Monroe K. Katt, 1982-1999


Monroe K. Katt (he never told me what the K. stood for) was born in July, 1982 and was still a feisty kitty until just before his death September 27, 1999. For 17 years, Monroe was David's feline companion.

Monroe was a life-long computer expert and the retired Director of the FBI (Feline Bureau of Investigation).

Monroe's Last Birthday

Monroe celebrated his 17th birthday with a quiet family dinner at his remote mountain getaway. He received many notes and telegrams of congratulations from former colleagues and other well-wishers from around the world. Since it was a private gathering, no photographers were invited.

By the way, that's 17 real years, not 17 cat years.

Biographical Information

Monroe was born in July, 1982.

Monroe became involved in computers at an early age. As a 3-month old kitten, Monroe acted as Supervisor and Quality Control Engineer while David put together a Heathkit H-89 computer.

Monroe was instrumental in the development of CatNet and CatChat, the network used by computer-literate kitties around the world to communicate with each other.

Monroe also developed an early interest in law enforcement. Monroe's computer and law enforcement skills fueled his meteoric rise within the ranks of the Feline Bureau of Investigation. He received nationwide acclaim after setting up the highly advanced computerized crime lab for the Bureau. He was named FBI Director during the last months of the Bush Presidency. He retired in mid-1996 and was working on his memoirs when he died, September 27, 1999.  It was exactly 17 years ago to the day that Monroe selected David as his human companion.

Monroe's Accomplishments

Monroe K. Katt was the retired director of the Feline Bureau of Investigation (henceforth referred to as the FBI). He was one of the original "Quantico Kittens." Monroe has worked on a number of high-profile cases but his involvement in most of them remains classified for reasons of national security.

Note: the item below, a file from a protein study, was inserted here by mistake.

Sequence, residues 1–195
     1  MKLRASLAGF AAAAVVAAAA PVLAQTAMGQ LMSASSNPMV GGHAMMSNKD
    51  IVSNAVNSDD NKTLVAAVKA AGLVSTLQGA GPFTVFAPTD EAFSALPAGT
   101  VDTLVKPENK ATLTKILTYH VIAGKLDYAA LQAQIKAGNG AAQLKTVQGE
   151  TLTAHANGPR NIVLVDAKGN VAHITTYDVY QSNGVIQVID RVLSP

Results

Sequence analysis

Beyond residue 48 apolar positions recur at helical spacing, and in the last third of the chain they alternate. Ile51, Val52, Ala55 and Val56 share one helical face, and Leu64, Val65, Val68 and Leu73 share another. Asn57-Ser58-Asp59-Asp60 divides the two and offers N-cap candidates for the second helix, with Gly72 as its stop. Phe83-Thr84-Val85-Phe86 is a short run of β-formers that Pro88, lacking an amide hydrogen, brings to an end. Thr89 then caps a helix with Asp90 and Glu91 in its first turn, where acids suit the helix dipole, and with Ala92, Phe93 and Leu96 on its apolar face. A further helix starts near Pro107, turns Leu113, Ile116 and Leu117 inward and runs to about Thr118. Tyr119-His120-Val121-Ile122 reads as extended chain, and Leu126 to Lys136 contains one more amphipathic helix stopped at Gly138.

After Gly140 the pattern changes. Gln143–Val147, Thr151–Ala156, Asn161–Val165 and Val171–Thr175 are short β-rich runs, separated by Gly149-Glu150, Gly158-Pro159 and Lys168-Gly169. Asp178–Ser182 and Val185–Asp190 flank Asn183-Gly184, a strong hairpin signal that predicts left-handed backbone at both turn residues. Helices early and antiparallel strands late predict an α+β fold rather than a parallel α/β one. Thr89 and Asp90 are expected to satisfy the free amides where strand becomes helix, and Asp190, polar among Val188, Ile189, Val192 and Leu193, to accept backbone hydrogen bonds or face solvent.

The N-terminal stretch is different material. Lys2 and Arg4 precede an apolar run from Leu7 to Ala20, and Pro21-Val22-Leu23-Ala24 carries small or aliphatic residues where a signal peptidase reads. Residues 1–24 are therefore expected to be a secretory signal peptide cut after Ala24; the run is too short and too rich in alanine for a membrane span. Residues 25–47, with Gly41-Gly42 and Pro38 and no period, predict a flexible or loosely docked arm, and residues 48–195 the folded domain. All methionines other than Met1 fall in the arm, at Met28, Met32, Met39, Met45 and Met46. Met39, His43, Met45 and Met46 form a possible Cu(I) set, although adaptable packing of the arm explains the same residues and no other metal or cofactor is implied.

Monroe was an asymmetric black and white cat. Black and white cats are sometimes referred to as "tuxedo cats". Monroe developed an identification method for converting the black and white markings of tuxedo cats to binary equations. A special computerized scanning process reduces each black and white cat's image to a series of pixels, encoded to produce a unique ID number. The American Cat Fanciers Association gave Monroe their highest honor for solving the case of the "Fraudulent Felines," a criminal organization consisting of a pack of dogs dressed in cat suits.

Monroe's interest in the binary sciences naturally began at a very early age, even before he was sworn in as an FBI agent. He, not Al Gore, created the Internet as an outgrowth of his work on CatChat. CatChat allows cats all over the world to communicate with each other via computer. CatChat resides in memory as an executable module hidden from the casual user. If a cat resides in your home and you have a computer, rest assured, CatChat is running on your machine. Monroe taught his human almost everything he knows about computers, but not everything Monroe knew about computers. Monroe forgot more about computers than most humans will ever know.

The National Organization of Feline Law Enforcement Agents (NOFLEAS) was founded by Monroe soon after he realized that Bloodhounds have their own association.

Monroe's Favorites

Cat food Fancy Feast and Friskies
Cat litter Tidy Cats: Welcome to the Neighborhood!
Computer Language C@
U.S. President James Monroe
Photographer Ansel Adams
Pet Peeve Colorization of Classic Black & White Movies and Photographs
Actress Marilyn Monroe
Song Ebony and Ivory
Car/Truck A Black and White Hummer
Computer Gateway
Agricultural Aircraft AgCat
ATV Artic Cat


More Photos of Monroe

Monroe's Baby Photographs


Monroe Relaxing Around His Mansion


Monroe Regaling Attentive Listeners With His FBI "Tails"


Monroe Enjoying A Private Joke (Probably At His Human's Expense)


Monroe On A Stakeout


Monroe Pouncing After A Suspect



Copyright 2000 David Jones & Diana Hartman
Last revised: November 20, 2002.